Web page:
The New International Encyclopædia/Galveston
GAL′VESTON. A city, port of entry, and the county-seat of Galveston County, Tex., on Galveston Island, at the mouth of Galveston Bay, 50 miles southeast of Houston; on the Southern Pacific, the International and Great Northern, the Missouri, Kansas and Texas, the Gulf, Colorado and Santa Fe, and other railroads (Map: Texas, G 5). Regular steamship communication is maintained with important European, Mexican, and Cuban ports, and there are also lines to China, Japan, and South America, as well as several coastwise lines. The street-railway system comprises 35 miles of track.
The city, including Pelican Island, has a total area of nearly 13 square miles, and is built toward the inland side of the island, while along the outer side extends, for a distance of 30 miles, a hard and level beach. Galveston is the seat of Saint Mary's University (Roman Catholic), opened in 1854, and of the medical department of the State University. It has two Roman Catholic academies, the Ball High School (one of the city's principal buildings), and a fine library in course of erection, which is to be endowed with $400,000. There are two orphan asylums, a home for friendless children, and an old women's home, and two well-equipped hospitals, Saint Mary's and the John Sealy, the latter used in connection with the State Medical College. Other notable structures are the county court-house, custom-house and post-office, city hall, railroad depot. Young Men's Christian Association Building, Masonic Temple, and several of the business buildings. There are here three forts, a life-saving station, a State quarantine station, an office of the United States Marine Hospital Service, and the State branch of the United States Weather Bureau. A railroad bridge, two miles long, connects with the mainland.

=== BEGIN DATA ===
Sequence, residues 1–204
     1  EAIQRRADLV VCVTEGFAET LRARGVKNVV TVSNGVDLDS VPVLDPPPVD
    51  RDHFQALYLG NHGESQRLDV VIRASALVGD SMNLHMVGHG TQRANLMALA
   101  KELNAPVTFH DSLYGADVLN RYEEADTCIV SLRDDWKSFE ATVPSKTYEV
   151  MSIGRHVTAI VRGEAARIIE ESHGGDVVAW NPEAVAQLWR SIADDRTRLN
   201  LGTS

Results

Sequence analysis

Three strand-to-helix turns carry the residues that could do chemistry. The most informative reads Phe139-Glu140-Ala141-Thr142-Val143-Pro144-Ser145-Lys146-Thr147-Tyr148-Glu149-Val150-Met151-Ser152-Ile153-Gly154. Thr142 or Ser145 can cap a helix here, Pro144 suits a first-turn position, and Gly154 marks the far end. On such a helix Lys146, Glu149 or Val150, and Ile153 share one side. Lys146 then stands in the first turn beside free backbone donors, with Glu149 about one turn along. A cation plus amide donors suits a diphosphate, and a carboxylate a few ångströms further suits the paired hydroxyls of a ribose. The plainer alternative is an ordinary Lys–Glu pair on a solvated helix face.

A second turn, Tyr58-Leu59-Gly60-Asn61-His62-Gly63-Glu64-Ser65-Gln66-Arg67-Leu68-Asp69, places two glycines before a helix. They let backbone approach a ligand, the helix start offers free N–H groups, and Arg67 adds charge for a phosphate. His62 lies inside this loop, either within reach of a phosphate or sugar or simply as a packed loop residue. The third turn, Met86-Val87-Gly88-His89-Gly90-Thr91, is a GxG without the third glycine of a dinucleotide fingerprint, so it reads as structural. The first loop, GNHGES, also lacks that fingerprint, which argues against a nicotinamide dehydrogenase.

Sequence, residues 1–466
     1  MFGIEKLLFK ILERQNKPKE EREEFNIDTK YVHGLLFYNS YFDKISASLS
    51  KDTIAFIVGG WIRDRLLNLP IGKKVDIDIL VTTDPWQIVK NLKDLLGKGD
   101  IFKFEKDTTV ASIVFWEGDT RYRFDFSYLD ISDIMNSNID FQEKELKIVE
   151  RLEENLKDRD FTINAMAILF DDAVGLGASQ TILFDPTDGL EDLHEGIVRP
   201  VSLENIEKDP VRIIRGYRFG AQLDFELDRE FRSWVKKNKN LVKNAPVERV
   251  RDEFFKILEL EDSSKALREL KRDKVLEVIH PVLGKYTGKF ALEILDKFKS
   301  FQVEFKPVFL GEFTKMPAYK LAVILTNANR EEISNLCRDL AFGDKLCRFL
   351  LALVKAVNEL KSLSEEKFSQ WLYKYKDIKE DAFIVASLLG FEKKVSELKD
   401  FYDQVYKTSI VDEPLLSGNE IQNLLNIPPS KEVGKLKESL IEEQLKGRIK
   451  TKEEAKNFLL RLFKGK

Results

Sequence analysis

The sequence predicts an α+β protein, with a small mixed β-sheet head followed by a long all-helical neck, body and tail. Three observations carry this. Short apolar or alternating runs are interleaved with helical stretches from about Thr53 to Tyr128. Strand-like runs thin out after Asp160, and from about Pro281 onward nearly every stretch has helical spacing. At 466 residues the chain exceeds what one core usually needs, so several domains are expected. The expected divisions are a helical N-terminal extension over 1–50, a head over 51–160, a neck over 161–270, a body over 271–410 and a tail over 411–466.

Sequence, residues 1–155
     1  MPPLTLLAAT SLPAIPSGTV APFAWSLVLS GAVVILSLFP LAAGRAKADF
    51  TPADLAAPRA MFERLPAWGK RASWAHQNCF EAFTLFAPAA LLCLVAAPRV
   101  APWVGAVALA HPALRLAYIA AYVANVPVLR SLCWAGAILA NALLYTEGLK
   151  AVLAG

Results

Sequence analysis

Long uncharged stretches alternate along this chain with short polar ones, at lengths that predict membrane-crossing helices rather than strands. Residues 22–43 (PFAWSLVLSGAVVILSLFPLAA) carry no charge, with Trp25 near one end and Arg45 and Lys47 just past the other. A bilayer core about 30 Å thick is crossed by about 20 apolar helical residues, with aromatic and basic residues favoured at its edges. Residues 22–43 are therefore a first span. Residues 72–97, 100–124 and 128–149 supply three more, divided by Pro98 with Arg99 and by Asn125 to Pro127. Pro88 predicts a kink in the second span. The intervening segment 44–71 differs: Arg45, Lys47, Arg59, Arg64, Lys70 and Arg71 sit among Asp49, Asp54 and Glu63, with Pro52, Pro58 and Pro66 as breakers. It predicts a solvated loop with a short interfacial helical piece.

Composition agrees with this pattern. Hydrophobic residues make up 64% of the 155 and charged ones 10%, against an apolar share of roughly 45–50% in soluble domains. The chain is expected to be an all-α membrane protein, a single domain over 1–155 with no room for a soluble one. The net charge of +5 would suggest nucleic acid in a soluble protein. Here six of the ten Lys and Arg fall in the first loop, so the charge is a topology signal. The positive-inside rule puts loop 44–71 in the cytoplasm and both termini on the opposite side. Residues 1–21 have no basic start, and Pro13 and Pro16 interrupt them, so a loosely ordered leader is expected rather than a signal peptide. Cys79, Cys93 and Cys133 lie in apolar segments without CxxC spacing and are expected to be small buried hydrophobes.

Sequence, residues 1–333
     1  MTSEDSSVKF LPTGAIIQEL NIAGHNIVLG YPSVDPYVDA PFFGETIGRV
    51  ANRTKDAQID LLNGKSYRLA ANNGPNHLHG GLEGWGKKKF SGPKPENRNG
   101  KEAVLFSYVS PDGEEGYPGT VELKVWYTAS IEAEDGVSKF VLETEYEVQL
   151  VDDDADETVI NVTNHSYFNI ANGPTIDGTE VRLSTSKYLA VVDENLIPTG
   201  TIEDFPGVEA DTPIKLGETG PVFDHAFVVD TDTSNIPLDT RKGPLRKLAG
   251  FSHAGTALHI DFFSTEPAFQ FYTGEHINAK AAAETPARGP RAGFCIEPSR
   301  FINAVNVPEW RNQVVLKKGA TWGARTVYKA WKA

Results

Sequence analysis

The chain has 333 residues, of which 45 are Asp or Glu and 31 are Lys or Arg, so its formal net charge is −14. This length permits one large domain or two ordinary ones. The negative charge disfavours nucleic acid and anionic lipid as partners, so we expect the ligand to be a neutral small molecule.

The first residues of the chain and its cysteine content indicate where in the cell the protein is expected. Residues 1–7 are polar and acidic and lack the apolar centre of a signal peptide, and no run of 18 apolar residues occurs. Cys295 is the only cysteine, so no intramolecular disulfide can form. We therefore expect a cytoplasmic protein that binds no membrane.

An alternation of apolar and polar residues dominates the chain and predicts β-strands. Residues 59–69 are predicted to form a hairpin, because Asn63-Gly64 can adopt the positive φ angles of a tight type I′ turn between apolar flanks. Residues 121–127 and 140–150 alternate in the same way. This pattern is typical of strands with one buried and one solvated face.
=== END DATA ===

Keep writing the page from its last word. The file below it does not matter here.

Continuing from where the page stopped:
Galveston, with an admirable location for a commercial centre, has also improved means for handling its important commerce. Both by rail and water transportation facilities are excellent. By means of rock jetties, 12 miles long, completed by the Federal Government in 1896 at a cost of $8,000,000, the channel between the island and the mainland has been deepened to afford an average of 27 feet. Terminal tracks, aggregating 50 miles, extend to the wharves, of which there are now 6 miles. There are four export grain elevators, with a total storage capacity of 3,750,000 bushels, and one clearing and conditioning elevator, a coal elevator, marine works, creosoting works, etc.
Galveston in 1901 ranked third among ports of the United States in exports (value, $106,526,508), a gain of $14,000,000 over 1900; and thirty-sixth in imports (value, $1,048,866). Since the improvements in the harbor, the export trade has substantially increased, though, on the contrary, imports have decreased. The city alternates with New Orleans as the largest cotton-exporting centre in the United States, is the first in the amount of cottonseed products, and eighth in wheat. In value the leading exports for 1901 were: Cotton, $85,857,145; oil cake and meal, $5,568,449; cottonseed oil, $1,502,307; wheat, $11,476,205; flour, $462,607; lumber, $479,457. The live-stock trade is now comparatively unimportant; the lumber exports have fallen off because of the unusual demand at home; and imports of coal have suffered considerably, owing to the discovery of Beaumont oil, which is being used largely for fuel. Galveston is the centre of an extensive wholesale and jobbing trade. The manufacturing interests are important and varied; the products include rope, bagging, beer, cement, pipe, ice, iron, sash, doors, blinds, cotton oil, flour and meal, etc.